THE winds of social change are blowing briskly across this nation and are picking up particular momentum around the reform of our criminal-justice system.
The winds blew a message into my email inbox last month, with an offer that I could not refuse. The email from John Legend was a personal invitation to a private dinner in New York City to “discuss ways that prosecutors can help reduce mass incarceration in America.” Legend continued, “The purpose of the dinner is for me to learn more about the role of District Attorneys within the justice system and to discuss ways that I can support you in your efforts to enact alternatives to incarceration.”
Legend, winner of Grammy and Academy awards, as a singer and songwriter, set up a nonprofit organization earlier this year called Free America (www.letsfreeamerica.org, #freeamerica). He describes his initial efforts as a “listening tour” that has brought him to prisons and jails to hear about the experiences of incarcerated people. Next, he thought he needed to hear from prosecutors about the complex decisions we face each day. I was honored to be asked to dinner with Legend and interested in the perspective a thoughtful artist could bring to the discussion that is too often dominated by lawyers and politicians.
Unlike so many discussions around criminal-justice reform that vilify prosecutors, the Free America team realized that prosecutors are a necessary voice and that we have the most power of all of the actors in the system. The invitation presumed we were also concerned about the future of criminal justice in America.
This is a good time for reform. The crime rate across the country continues a downward trend, hovering at lows not seen for half a century. Yet, if we were to return to the incarceration rate of the 1970s, we’d have to release 80 percent of all inmates in America. Our system is remarkable for its recidivism and racial disproportionality.
The fiscal costs of this era, which historians will no doubt label “The Era of Mass Incarceration,” are unsustainable. More important, reform is essential to begin to address the chasm of mistrust between our government and the communities most impacted by crime. We should work harder to keep young people out of the system, review excesses in sentencing laws, and develop intentional strategies to help people successfully transition from prison back into the community.
So I cashed in some airline miles and broke open my piggy bank to take advantage of the offer of a private dinner with Legend and the Free America staff. In a small room at a private club in the Soho neighborhood of Manhattan, I joined elected district attorneys from Manhattan, Brooklyn, San Francisco and Delaware, along with two prosecutors from the Department of Justice, all curious to see where this would lead.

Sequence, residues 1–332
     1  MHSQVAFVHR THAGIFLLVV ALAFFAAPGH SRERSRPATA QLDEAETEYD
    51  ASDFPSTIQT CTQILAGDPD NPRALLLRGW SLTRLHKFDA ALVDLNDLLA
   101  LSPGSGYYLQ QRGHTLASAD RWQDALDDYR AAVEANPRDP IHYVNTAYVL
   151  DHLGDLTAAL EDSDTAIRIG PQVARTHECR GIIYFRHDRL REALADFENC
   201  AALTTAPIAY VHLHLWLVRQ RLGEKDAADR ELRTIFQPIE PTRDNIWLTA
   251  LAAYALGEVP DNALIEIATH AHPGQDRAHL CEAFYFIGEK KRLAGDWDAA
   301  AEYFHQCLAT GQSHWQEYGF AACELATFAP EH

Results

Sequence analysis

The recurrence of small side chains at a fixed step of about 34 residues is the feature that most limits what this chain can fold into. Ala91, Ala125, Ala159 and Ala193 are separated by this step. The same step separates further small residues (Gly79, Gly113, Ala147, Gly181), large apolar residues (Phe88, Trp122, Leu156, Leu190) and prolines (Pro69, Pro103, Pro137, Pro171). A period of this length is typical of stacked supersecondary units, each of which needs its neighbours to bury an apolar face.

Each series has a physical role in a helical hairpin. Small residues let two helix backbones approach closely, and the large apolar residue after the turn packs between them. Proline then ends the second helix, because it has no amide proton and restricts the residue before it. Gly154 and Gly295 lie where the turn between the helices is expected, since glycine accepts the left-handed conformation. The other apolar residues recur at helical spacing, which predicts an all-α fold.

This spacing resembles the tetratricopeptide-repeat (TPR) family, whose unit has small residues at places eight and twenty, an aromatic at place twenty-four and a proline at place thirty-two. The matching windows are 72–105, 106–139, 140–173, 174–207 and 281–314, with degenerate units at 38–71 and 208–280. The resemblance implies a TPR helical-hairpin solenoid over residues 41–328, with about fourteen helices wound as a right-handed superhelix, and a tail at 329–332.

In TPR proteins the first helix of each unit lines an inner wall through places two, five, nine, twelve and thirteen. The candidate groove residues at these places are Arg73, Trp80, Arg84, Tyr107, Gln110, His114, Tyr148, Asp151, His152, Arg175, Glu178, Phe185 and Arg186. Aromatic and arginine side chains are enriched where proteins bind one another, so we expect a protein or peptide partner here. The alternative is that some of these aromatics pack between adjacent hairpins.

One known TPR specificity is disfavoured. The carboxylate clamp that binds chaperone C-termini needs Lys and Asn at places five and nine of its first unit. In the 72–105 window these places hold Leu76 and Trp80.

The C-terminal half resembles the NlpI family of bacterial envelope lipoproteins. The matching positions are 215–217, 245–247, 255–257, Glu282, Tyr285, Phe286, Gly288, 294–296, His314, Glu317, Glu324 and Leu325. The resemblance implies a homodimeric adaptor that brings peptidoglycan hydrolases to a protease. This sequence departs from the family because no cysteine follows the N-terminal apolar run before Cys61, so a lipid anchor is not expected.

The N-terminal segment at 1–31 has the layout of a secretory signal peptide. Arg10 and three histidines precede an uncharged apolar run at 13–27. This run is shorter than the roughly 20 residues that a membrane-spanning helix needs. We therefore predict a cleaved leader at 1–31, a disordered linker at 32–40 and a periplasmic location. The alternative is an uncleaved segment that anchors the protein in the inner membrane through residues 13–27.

Legend had done his homework. He knew that DAs have the discretion as gatekeepers of the system and that we have the power to shape a justice system that reflects the values and aspirations of our community. Among the topics we discussed over dinner were:
• School disciplinary policies that expel students to the streets, making graduation much less likely: People without a high school diploma are five times more likely to be imprisoned during their lifetime than those who graduate.
• Alternatives for drug addiction and mental illness: The criminal-justice system is the default system for these medical issues, but that can change, as evidenced by Seattle’s LEAD program, a national model.
• What should our response to gun violence be, especially when the lethal weapon is in the hands of a teenager with a developing brain?
• Diversion: I explained our 180 Program here in King County, a true partnership with the community that helps kids understand their choices in life and keeps them from the courtroom.
• Restorative Justice, where victims of crime can choose to have a mediated conversation with the person who offended against them.
• Second-look, parole, clemency: If we are going to reduce the prison population, we need a system to review exceptionally long sentences imposed decades ago to see if they are still necessary for public safety.
Removing those barriers to successful re-entry, such as the laws in Washington state prohibiting anyone who has ever had a felony conviction from applying for a license necessary for any one of more than 90 professions that might pay a living wage.
We shared not only dinner, but a deep concern that the policies we have been asked to administer as ministers of justice have brought us to the point where we are the world’s leader in incarceration. Everything must be on the table in the conversations about reform and more voices must be heard.
Just as the dessert plates were being cleared away and we had agreed that this was our time to lead and to act to bring criminal-justice reform to our jurisdictions, Legend checked his watch and thanked his guests. The Seahawks were on Monday Night Football and his wife, Chrissy Teigen, who is from Snohomish, is a big Hawks fan.
What if we brought the same enthusiasm we have for professional football to the cause of criminal-justice reform? If the Era of Mass Incarceration is truly over, what would historians call the next era? Suddenly, everyone agrees that reform is imperative. At stake in this movement is nothing less than the fabric of our nation and the profound moral issues of how we deal with crime, public safety and each other.
Maybe this revolution is too important to be left to the lawyers and the politicians. Maybe the people are ready for a movement led by artists and musicians and ordinary people, such as John Legend.
Dan Satterberg is the King County prosecuting attorney.